Glenn J. Marie, DDS, owns and operates Dentistry for Children on New York’s Staten Island. In his free time, Glenn J. Marie, DDS, enjoys attending to his tropical fish.
Pleasant to watch and relatively straightforward to keep, tropical fish stand out as an ideal choice for the beginning pet owner. The most challenging part is setting up the tank, as it requires the owner to gather the correct supplies and establish an aquatic environment with the correct pH level and temperature for the chosen fish species.
Most freshwater fish require water that is 72-78 degrees F and well-lit during the day. The water should be aerated and equipped with a good filtration system, which a pet store can help the beginning owner to set up. It takes some time for the ecosystem of the tank to come into balance, so it’s important to keep the tank at half capacity or lower during the first few days.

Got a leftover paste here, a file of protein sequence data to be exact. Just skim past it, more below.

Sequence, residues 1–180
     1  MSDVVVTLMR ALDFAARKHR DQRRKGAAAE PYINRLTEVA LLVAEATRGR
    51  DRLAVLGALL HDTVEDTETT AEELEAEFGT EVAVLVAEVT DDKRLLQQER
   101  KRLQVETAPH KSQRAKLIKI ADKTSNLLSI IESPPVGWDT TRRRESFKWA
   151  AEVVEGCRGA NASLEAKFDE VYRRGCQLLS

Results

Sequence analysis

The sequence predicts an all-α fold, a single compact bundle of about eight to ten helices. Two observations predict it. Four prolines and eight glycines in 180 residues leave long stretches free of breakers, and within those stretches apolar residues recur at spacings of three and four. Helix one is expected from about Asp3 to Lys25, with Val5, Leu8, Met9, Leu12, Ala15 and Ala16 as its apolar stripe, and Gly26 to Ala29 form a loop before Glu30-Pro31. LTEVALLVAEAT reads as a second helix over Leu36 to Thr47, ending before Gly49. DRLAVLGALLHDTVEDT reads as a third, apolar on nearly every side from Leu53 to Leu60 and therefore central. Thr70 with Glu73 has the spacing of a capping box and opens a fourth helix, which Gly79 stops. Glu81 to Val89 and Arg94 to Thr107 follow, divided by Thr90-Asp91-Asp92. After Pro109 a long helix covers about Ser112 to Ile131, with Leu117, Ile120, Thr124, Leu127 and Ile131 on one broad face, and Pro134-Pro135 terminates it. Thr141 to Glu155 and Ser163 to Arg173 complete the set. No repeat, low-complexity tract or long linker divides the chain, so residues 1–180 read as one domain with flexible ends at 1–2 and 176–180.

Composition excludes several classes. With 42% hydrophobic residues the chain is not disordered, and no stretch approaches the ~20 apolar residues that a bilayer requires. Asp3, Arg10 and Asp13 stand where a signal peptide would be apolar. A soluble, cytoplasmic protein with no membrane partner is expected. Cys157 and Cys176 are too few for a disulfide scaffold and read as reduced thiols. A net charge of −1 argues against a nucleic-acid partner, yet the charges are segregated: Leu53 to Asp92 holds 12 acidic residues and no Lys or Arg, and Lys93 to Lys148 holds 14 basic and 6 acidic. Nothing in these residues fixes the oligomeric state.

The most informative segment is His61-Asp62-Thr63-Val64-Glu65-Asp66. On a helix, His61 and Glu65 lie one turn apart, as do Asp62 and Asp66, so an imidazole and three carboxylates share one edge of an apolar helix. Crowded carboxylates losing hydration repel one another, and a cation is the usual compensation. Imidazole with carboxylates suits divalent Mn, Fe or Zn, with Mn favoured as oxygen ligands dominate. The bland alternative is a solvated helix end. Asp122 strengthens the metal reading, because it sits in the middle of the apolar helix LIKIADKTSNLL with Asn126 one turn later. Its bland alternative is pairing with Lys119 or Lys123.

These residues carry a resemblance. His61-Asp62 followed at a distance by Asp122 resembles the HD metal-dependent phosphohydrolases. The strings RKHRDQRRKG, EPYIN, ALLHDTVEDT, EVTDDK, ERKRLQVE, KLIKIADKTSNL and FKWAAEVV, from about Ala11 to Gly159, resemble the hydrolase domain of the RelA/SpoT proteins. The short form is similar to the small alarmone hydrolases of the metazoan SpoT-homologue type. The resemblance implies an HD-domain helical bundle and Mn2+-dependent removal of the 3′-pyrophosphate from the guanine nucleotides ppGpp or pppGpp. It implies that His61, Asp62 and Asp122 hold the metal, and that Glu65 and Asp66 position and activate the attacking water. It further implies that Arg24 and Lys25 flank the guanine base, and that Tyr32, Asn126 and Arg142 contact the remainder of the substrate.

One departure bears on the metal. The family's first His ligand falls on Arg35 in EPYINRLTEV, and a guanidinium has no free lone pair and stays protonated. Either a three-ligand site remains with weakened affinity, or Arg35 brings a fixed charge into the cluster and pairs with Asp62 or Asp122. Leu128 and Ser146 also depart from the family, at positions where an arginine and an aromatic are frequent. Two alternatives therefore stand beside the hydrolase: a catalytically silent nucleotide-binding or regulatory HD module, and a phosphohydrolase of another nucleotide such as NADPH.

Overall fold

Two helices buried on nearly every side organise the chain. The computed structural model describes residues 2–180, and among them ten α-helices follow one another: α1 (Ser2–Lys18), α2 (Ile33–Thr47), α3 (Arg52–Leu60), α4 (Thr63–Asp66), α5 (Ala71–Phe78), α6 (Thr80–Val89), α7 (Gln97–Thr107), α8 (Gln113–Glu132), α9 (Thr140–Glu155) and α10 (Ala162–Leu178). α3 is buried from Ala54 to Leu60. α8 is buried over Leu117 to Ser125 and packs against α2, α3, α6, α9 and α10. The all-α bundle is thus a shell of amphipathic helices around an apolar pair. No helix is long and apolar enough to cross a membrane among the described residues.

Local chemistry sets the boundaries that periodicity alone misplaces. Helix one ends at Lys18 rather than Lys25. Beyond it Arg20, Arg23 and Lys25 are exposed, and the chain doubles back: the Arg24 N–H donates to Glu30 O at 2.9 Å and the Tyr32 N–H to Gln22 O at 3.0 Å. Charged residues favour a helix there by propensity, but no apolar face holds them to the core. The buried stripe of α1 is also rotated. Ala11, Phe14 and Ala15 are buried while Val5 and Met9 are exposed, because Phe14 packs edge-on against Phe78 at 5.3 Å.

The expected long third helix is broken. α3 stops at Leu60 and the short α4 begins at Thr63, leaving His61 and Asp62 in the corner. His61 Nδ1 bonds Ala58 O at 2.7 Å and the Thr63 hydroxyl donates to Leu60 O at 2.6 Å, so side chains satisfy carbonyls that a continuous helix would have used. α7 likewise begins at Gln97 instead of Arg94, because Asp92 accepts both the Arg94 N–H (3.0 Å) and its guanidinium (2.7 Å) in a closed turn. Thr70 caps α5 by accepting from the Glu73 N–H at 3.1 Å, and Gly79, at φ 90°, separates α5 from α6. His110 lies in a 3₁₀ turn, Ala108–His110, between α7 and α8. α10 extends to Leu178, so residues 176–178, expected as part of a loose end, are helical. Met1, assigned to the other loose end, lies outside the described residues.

In most cases, the capacity of a tank should be one gallon of water per lengthwise inch of fish. The tropical fish-keeper will want a 20- to 50-gallon tank for multiple fish, depending on the species and size of the fish.
All tanks need weekly cleaning, which involves siphoning debris that accumulates at the bottom. A weekly water change should involve two to three gallons, and the new water should be warm enough to maintain the tank temperature. One should also change the filter equipment weekly, according to package instructions.
Finally, owners must be careful to feed fish correctly. A good rule of thumb is that the fish should receive enough to eat in two minutes. It is easier to compensate for underfeeding than overfeeding, as the owner can easily add food to the tank.